I had to take an online Arabic test for my teaching methods class, and this is the paper I wrote about it.

The CASLS pilot test seems to promote a communicative competence theory of teaching. According to Brown, the keystone of communicative competence theories is the interactive nature of language. “Users of a language creatively interact with other people as well as with texts (including test items). Simply put, this means that tests have to involve people in actually performing the behavior that we want to measure.” (Brown, p 259). The test put the test-taker in authentic or near-authentic situations, and asked a series of multiple choice questions about the test-taker’s comprehension. The test was careful to provide non-misleading advance organizers, which helped to more accurately simulate authentic interaction. For example, one of the test questions was about a lost cat. On the ad was a picture of the cat. The multiple choice answers included several items – but even if the test-taker had no idea what the words in the ad meant, they could use their previous knowledge and the schema activated by a picture of a cat in a newspaper to deduce a correct answer.

The CASLS pilot test also promoted whole thinking. Often, comprehension questions included words that were not included in the test itself. Instead of listening for a word, a student would have to understand the context. For example, in one listening comprehension question, Ahmed discusses his vacation with his mother. One of the comprehension questions is, “How is Ahmed traveling?” “A. boat, B. car, C. bus, D. plane.” The word is never discussed during the dialogue, but one assumes that Ahmed, traveling from Egypt to Lebanon for a short vacation, would travel by plane. The test assesses students’ ability to use language in context: Ahmed’s mom asks him if he bought his tathkara, which generally refers to plane tickets. If a student did not understand this concept, they would not be able to answer the question correctly.

The flaw in this test is the lack of student input. If the test were to truly be interactive, students would not be able to randomly guess from a list of items. In real life, there will not be options A-D to help guide comprehension and assessment of a situation. I answered questions correctly that I otherwise would not have known because the answers were in Multiple Choice format. In this way, the test falls short from testing the skills that it wants to measure, which seem to be communicative competence.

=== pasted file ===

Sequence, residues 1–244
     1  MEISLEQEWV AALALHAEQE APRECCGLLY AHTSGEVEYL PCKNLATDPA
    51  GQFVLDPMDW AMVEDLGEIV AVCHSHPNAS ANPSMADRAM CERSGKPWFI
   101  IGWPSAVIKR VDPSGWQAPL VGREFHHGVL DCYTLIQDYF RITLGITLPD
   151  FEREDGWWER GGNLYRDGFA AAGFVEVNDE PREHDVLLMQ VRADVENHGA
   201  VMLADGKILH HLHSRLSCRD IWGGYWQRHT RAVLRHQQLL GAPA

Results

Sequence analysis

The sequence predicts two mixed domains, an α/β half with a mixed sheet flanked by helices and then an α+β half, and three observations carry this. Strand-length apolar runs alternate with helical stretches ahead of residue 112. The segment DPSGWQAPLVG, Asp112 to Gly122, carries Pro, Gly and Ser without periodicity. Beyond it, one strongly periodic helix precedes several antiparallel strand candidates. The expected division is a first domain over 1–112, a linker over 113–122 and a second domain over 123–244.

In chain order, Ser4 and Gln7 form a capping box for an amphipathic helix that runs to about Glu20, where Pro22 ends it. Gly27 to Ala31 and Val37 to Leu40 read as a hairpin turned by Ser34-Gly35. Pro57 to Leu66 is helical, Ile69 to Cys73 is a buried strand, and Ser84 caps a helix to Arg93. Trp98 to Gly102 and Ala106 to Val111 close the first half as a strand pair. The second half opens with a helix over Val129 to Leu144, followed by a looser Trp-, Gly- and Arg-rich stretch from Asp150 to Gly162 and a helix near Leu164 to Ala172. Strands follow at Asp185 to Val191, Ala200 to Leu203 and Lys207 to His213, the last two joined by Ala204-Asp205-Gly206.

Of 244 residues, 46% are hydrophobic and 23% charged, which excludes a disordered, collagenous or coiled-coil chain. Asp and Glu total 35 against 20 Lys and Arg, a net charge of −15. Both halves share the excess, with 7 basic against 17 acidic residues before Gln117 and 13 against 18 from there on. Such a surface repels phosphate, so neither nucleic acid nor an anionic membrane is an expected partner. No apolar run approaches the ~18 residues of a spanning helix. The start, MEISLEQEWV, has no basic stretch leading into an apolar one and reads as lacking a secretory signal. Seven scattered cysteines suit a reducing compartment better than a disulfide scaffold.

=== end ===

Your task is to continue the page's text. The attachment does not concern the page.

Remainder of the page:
In general, this test is completely different from the other kinds of tests I have taken in Arabic. From 101-301, a staple of the test has always been translation. The tests have always been closed-book, closed-partner, with absolutely zero advance organizers. There was one time in 101 that taking a test involved watching a video-clip, but that was probably to assess our ability to understand a variety of speakers; it was basically a talking head on a video screen. These tests are far from promoting the communicative competency theory the way the CASLS pilot test does.

I agree with Brown when he writes that tests must “test for grammatical, discourse, sociolinguistic, and illocutionary competence as well as strategic competence [and] require the learner to use language naturally for genuine communication and to relate to thoughts and feelings, in short, to put authentic language to use within a context.” (Brown, p 458) How useful is our study of language if it does not accomplish the ultimate goal, which is communication? The CASLS pilot test comes closer to providing students with an authentic context and an opportunity to interact than many of the achievement-type tests I have experienced in BYU’s Arabic department. I believe that if students are expected to be competent communicators, our tests should assess communicative language proficiency. I think my students at Renaissance would love this type of test.

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